Glossary

Rule

This is smallest, most atomic object in the Fedora Notifications system. It is a simple rule that can be applied to a fedmsg message. It can evaluate to True or False.

It has a name and a description. Some examples of rules are:

  • “is a bodhi message”
  • “is a wiki edit message”
  • “relates to the user lmacken
  • “relates to the package nethack
  • “relates to a package owned by me in pkgdb

We have a long list of rules defined. You’ll see them when you go to set up your first filter

Filter

To craft your preferences, you will build filters out of rules. Filters have a name (that you give them). An example could be something like:

  • My bodhi packager filter
    • “is a bodhi message”
    • “relates to a package that I own”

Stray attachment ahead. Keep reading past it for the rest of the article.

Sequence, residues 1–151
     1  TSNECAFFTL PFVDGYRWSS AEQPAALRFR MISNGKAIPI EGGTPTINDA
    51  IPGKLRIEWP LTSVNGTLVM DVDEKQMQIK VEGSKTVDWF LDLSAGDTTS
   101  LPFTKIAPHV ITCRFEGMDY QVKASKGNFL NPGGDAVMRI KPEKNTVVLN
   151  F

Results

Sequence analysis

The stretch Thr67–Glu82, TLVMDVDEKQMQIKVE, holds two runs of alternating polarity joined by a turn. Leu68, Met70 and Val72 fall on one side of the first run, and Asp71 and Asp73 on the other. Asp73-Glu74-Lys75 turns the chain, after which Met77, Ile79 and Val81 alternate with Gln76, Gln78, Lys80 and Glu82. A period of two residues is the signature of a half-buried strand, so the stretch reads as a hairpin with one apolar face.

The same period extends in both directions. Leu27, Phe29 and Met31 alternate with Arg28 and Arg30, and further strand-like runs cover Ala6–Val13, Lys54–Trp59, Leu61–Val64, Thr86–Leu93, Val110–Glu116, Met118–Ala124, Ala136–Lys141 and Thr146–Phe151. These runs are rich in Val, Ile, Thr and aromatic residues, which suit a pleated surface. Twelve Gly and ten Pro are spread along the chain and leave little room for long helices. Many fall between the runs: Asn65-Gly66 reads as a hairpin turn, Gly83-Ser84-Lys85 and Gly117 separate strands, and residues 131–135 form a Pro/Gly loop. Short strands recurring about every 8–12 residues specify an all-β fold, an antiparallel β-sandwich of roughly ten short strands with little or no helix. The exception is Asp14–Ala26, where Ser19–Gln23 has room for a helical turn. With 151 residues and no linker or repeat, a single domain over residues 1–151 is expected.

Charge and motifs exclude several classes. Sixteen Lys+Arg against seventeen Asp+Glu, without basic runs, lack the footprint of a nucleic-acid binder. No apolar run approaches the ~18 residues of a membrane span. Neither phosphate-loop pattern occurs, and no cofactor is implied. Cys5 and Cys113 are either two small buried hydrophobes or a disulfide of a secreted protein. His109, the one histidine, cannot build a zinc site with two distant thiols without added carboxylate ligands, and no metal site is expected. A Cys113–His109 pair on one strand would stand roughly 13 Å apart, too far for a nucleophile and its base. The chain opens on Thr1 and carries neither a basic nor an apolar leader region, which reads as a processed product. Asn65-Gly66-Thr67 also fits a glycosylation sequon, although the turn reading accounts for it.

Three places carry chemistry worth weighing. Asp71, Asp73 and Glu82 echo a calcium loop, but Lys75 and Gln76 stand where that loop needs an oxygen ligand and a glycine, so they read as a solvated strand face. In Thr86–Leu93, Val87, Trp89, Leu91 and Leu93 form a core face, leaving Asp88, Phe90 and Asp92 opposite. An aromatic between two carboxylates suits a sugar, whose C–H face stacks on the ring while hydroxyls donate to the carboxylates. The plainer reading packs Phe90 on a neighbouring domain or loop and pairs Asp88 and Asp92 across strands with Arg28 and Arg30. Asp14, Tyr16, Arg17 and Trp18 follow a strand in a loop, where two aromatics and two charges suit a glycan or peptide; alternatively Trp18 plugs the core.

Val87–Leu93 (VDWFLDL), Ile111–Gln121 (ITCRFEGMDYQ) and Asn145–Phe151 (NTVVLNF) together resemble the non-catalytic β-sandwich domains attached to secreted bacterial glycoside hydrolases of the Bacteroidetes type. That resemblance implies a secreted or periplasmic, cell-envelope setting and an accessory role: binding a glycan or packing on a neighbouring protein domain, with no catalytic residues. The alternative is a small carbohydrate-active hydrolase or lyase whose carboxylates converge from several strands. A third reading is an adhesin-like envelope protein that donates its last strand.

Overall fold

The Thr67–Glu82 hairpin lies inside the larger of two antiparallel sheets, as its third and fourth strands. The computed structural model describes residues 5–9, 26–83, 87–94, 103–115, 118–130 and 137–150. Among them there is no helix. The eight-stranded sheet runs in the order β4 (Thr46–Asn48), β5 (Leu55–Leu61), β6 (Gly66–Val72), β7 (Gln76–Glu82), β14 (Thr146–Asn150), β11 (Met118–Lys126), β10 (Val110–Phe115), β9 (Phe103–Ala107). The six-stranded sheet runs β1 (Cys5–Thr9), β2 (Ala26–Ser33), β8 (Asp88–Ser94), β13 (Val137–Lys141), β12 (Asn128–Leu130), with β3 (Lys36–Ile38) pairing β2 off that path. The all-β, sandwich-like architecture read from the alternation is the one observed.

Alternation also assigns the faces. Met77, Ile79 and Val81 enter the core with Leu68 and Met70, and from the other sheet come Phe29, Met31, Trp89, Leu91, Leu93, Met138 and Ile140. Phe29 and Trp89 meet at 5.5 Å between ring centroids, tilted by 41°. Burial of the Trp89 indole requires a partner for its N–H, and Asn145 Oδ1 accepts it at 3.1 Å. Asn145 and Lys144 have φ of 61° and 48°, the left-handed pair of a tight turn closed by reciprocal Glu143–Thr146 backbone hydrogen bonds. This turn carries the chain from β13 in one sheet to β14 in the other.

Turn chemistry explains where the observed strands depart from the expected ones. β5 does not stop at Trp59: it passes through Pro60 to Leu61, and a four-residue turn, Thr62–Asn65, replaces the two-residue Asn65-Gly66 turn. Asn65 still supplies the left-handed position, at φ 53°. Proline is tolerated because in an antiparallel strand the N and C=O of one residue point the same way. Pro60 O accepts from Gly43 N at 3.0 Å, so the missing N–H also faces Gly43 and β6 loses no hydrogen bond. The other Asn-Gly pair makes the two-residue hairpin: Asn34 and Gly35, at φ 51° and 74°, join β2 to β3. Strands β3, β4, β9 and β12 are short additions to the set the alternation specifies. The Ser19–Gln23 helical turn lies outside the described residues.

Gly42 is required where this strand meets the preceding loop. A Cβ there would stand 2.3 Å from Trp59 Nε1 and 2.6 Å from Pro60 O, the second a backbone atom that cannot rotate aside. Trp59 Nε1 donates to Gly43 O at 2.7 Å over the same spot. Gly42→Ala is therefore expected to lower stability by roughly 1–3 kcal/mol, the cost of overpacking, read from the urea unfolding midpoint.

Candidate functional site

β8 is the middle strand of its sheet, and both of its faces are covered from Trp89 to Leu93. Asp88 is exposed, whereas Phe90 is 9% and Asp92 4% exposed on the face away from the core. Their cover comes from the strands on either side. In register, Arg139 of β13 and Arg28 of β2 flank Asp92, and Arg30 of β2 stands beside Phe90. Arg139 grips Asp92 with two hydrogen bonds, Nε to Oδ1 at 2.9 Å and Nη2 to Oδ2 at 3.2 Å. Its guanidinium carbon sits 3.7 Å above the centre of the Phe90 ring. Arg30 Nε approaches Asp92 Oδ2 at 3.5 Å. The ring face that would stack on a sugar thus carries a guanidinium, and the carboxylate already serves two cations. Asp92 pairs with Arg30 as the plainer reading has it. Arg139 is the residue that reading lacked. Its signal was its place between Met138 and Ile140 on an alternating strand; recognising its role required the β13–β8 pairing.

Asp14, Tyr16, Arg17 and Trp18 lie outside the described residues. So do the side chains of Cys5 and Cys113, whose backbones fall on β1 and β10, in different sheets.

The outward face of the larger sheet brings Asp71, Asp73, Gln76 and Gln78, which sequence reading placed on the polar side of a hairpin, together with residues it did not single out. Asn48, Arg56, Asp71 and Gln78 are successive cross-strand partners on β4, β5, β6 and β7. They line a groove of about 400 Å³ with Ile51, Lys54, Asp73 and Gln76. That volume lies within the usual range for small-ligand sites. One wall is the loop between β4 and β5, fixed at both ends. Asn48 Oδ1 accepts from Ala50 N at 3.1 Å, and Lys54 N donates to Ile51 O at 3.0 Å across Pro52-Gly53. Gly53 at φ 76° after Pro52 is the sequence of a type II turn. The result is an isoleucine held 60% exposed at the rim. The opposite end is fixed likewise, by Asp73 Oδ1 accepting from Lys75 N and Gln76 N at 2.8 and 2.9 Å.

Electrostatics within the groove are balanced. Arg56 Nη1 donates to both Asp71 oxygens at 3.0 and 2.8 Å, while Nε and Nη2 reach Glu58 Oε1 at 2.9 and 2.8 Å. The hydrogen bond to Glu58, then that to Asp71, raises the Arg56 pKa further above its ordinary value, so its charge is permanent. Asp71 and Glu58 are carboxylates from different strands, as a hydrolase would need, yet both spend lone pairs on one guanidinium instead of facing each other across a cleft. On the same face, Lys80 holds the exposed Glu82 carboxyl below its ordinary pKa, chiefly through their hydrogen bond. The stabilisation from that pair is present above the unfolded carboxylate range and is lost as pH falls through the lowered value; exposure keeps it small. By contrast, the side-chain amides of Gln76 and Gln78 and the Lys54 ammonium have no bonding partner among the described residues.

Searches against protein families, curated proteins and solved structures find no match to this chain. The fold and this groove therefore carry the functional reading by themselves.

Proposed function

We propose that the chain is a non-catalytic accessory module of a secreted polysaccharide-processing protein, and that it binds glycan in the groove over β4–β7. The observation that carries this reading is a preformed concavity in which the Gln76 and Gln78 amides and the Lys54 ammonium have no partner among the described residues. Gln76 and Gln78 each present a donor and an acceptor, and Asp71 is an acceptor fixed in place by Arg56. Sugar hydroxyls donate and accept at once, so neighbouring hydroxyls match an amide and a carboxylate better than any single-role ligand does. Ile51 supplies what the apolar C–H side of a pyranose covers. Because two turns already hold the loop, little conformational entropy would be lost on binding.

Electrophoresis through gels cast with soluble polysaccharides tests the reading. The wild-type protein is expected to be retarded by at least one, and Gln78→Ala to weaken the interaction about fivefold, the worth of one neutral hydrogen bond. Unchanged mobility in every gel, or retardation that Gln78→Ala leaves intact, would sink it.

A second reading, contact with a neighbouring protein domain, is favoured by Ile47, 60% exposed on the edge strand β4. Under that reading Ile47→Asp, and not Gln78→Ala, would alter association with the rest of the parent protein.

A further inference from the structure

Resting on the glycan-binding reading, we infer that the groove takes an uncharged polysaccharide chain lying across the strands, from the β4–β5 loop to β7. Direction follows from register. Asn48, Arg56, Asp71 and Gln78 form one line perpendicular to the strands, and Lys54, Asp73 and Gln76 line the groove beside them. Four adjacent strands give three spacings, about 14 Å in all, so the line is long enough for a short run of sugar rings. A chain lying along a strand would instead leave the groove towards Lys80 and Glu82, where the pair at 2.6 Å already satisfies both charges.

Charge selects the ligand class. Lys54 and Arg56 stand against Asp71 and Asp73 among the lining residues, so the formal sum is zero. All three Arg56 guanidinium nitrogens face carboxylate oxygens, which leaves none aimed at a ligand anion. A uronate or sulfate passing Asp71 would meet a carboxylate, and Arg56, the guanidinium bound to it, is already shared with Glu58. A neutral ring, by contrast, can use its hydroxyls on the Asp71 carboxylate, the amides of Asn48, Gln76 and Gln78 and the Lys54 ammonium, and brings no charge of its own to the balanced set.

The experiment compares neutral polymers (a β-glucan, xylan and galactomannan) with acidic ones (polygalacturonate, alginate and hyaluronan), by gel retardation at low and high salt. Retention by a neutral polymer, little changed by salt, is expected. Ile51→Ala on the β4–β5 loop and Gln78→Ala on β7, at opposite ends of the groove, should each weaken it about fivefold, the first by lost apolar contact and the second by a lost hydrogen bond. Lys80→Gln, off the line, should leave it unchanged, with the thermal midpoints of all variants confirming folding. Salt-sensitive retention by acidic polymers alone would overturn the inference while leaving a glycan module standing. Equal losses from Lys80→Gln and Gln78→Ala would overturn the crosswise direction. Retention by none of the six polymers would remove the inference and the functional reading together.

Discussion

You will receive notifications for this filter if and only if a given message both is a bodhi message and is about a package owned by you.

Note

if you wanted to get notifications about bodhi updates created by multiple users, you would need to create distinct filters for each one.

  • My bodhi lmacken filter
    • “is a bodhi message”
    • “relates to the user lmacken
  • My bodhi toshio filter
    • “is a bodhi message”
    • “relates to the user toshio

You could not combine those both into the same filter, because all rules on a filter must evalulate to True for the filter to trigger a notification.

Messaging Context

This is the medium over which we’ll send a message. You can have one set of preferences for an email messaging context, and another set of preferences for an irc messaging context.

When a fedmsg message arrives in the system, if any one filter on one of your messaging contexts evaluates to True, then you will receive a notification for that context. If some filters evaluate to True for multiple contexts, you will receive notifications for all those contexts.